Background: Delayed-release dimethyl fumarate (DMF) demonstrated efficacy and safety in the Phase 3 DEFINE and CONFIRM trials.
Objective: To evaluate delayed-release DMF in newly diagnosed relapsing-remitting multiple sclerosis (RRMS) patients, in a post-hoc analysis of integrated data from DEFINE and CONFIRM.
Methods: Patients included in the analysis were diagnosed with RRMS within 1 year prior to study entry and naive to MS disease-modifying therapy.
Results: The newly diagnosed population comprised 678 patients treated with placebo (n = 223) or delayed-release DMF 240 mg BID (n = 221) or TID (n = 234). At 2 years, delayed-release DMF BID and TID reduced the annualized relapse rate by 56% and 60% (both p < 0.0001), risk of relapse by 54% and 57% (both p < 0.0001), and risk of 12-week confirmed disability progression by 71% (p < 0.0001) and 47% (p = 0.0085) versus placebo. In a subset of patients (MRI cohort), delayed-release DMF BID and TID reduced the mean number of new or enlarging T2-hyperintense lesions by 80% and 81%, gadolinium-enhancing lesion activity by 92% and 92%, and mean number of new non-enhancing T1-hypointense lesions by 68% and 70% (all p < 0.0001 versus placebo). Flushing and gastrointestinal events were associated with delayed-release DMF.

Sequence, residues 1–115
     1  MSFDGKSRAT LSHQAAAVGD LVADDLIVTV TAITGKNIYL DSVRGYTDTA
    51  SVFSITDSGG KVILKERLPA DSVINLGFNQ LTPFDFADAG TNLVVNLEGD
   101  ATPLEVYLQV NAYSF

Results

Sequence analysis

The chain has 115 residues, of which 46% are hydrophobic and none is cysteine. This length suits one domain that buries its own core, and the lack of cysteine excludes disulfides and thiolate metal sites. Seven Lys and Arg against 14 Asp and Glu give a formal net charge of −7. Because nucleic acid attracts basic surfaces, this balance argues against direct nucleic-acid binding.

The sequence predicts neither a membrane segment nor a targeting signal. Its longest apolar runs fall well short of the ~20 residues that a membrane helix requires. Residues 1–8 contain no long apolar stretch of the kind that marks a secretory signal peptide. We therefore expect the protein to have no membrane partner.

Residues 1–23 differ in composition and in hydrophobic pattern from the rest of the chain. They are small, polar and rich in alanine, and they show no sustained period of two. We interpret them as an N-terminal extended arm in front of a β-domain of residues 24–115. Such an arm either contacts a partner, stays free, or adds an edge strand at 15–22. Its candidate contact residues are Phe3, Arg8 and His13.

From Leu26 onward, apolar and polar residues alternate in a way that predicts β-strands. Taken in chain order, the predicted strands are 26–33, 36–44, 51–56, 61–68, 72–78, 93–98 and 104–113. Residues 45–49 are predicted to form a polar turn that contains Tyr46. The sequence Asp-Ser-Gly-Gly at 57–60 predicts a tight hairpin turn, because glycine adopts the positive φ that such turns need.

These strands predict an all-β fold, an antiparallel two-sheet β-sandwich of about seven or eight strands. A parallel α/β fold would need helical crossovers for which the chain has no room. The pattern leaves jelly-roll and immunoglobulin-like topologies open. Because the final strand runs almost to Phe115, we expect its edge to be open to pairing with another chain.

Conclusion: Delayed-release DMF improved clinical and neuroradiological outcomes relative to placebo in newly diagnosed RRMS patients.
Keywords: Delayed-release dimethyl fumarate; efficacy; multiple sclerosis; newly diagnosed; safety.
© The Author(s), 2015.